There were several productions in Tokyo. The Daily Yomiuri reported that the organizer of one of the events emailed the online publication with the following statement: “I believe that we Japanese are responsible for our government’s support of the war. We need a chance to remember what we’ve lost in wartime, and to make sure that we are a peace-loving people.”

Near-freezing weather was the backdrop for an outside performance of the play at the University of Michigan in Ann Arbor, staged by student actors and members of Britain’s Royal Shakespeare Company. A group of homeless women and men read the play in a church on the Upper West Side of Manhattan.

Many college and high school students spoke out regarding the reasons for participating in the project. The stage manager for the performance at Towson University in Baltimore commented in the college’s student newspaper: “It really shows the power that theater has had in the past. People have outlawed theater because of its ability to move a group of people. We haven’t seen that yet in our generation. It happened with guerilla theater in the ’60s during Vietnam, and we haven’t had a chance to see that, and this is a huge chance to see the highest level of what you can use theater for.”

In Washington, D,c 17-year-old Amelia Workman, who was playing the character Lysistrata in one of the city’s productions, told the Washington Post: “As war became imminent ... It was no longer a choice. It was a duty. I’m proud of us for taking on such a piece of literature, as high schoolers.”

At Stanford University in California, according to the Stanford Daily, “organizers related classical literature to the current U.S. political situation in an attempt to bridge the two. ‘Reading the play in the context of conflict with Iraq is a way to raise consciousness,’ said Richard Martin, Classics Department chair and event organizer. ‘Has the West been built on conflict? Can we restructure society to avoid it?’”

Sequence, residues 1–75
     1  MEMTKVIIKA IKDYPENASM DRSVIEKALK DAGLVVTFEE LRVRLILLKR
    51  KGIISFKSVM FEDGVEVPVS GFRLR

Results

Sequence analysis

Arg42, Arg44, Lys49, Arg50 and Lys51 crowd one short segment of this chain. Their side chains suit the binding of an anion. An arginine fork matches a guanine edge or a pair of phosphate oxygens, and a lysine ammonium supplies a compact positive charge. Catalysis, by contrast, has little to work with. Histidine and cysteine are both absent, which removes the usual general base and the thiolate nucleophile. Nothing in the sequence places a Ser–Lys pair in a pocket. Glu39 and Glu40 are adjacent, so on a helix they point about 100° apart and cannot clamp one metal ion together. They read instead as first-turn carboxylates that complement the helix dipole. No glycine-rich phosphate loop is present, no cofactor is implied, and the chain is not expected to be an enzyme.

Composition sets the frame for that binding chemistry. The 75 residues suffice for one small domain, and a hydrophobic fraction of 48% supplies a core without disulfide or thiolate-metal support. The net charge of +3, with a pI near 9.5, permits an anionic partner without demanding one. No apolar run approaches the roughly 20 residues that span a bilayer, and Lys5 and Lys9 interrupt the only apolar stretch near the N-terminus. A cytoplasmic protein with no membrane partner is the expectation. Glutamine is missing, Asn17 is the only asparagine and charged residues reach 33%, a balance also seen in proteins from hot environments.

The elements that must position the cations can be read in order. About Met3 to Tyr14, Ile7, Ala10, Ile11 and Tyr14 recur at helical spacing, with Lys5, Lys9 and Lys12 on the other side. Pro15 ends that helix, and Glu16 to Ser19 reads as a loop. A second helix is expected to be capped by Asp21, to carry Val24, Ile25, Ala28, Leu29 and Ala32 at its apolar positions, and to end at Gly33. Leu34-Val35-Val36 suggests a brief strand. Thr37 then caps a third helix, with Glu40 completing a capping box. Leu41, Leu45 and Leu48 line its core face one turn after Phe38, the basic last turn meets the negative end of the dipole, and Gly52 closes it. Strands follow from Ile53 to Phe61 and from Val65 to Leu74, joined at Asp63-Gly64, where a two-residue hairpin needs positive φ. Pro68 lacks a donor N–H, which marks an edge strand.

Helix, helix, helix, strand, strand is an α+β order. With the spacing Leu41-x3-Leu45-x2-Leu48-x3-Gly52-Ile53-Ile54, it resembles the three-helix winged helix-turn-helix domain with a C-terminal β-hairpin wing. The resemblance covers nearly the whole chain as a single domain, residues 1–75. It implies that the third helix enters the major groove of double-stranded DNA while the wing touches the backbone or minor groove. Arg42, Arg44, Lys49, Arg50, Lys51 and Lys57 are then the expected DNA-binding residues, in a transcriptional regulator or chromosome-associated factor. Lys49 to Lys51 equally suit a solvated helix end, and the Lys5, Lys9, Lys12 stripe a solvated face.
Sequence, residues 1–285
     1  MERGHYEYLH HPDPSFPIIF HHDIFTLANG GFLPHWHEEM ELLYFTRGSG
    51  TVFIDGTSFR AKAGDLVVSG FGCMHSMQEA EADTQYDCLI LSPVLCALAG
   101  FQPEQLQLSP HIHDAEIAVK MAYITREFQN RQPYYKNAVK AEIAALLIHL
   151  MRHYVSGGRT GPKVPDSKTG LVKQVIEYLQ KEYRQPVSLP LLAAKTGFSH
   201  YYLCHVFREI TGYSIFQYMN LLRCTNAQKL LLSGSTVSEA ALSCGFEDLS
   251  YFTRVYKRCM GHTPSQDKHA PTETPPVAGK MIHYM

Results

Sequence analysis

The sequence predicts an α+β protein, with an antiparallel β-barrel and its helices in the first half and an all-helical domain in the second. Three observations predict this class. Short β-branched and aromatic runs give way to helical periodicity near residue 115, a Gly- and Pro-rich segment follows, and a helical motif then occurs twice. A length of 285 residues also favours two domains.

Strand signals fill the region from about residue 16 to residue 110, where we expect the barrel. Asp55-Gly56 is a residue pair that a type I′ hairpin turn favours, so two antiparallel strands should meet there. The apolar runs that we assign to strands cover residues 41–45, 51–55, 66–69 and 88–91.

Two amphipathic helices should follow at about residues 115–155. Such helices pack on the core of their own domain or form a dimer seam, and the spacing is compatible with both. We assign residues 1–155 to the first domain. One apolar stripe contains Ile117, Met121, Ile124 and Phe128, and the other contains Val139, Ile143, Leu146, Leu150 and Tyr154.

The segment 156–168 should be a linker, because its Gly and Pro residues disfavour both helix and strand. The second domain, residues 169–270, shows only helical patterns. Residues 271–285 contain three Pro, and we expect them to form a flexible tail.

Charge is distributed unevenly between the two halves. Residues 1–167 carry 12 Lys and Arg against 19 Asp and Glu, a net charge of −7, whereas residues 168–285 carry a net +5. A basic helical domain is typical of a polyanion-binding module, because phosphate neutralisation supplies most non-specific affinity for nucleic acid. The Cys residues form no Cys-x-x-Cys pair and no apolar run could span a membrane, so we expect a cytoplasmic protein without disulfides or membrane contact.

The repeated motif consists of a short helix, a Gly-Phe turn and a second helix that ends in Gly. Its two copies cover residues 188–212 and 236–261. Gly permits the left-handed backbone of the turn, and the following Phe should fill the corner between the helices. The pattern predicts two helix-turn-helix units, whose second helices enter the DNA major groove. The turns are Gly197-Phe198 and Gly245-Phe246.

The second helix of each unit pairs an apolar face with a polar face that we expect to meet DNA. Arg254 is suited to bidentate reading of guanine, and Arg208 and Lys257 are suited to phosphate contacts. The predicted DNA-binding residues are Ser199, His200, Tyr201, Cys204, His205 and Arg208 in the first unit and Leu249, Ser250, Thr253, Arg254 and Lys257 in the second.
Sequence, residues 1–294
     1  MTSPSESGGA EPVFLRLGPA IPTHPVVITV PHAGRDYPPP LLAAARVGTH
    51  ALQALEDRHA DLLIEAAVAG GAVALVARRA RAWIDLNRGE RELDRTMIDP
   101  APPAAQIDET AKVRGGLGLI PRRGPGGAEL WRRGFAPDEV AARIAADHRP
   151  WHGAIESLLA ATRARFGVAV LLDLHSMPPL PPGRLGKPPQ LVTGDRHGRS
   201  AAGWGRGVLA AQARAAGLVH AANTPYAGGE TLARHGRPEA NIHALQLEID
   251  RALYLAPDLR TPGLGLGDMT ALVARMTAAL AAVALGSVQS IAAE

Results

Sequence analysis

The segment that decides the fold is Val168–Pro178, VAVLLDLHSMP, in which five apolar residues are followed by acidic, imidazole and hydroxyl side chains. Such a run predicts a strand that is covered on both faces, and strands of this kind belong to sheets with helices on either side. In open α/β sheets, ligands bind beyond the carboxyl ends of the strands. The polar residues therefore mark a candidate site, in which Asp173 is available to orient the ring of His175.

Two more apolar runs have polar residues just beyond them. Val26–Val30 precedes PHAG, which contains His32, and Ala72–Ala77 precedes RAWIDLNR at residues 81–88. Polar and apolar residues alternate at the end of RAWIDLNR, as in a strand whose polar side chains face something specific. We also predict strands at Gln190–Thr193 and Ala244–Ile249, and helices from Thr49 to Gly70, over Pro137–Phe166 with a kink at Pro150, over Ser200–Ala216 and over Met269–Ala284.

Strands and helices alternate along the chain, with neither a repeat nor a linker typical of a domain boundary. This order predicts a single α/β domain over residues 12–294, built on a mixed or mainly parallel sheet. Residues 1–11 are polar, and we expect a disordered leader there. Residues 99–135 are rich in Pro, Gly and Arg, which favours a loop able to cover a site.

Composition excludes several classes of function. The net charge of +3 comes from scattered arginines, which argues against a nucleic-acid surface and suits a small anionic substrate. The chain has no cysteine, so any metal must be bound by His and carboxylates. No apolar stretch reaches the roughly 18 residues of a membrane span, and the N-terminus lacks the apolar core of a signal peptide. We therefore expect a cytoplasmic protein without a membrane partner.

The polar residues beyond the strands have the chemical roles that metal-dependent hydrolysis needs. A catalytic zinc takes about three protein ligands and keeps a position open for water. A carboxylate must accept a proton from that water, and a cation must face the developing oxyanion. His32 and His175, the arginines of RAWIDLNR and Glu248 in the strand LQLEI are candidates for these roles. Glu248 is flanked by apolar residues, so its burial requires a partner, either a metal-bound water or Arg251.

Megan Elk, a University of Akron directing student and organizer of the reading, told Cleveland’s The Plain Dealer: “Society needs to be reminded what the role of the artist is. ‘We are not just self-serving bohemians. We are capable of making a political statement’ and of working for peace.”

Speaking on the global character of The Lysistrata Project, Linda Chapman, associate artistic director of New York Theater Workshop told the Village Voice: “We’re tapping into a long and honorable tradition that goes back to the Greeks, when the Senate was mirrored by the theater. Theater is so important for democracy because it inspires complexity of thought.”

The international response to The Lysistrata Project is one of the indicators that numbers of artists and intellectuals are being radicalized by the war threat, as well as social and political conditions on a world scale.

Last month the cancellation of a poetry symposium at the White House by the office of Laura Bush, the US president’s wife, after some of the invitees made known their plans to protest the Iraq war, evoked a strong reaction. A web site that arose as a response to the controversy, http://www.poetsagainstthewar.org, now has received and posted poems from more than 12,000 people. An International Day of Poetry Against the War took place on March 5 during which there were 120 poetry readings. Poets presented copies of 13,000 poems to governments around the world, including the US, Great Britain, Canada, Australia, Germany, Italy and Mexico.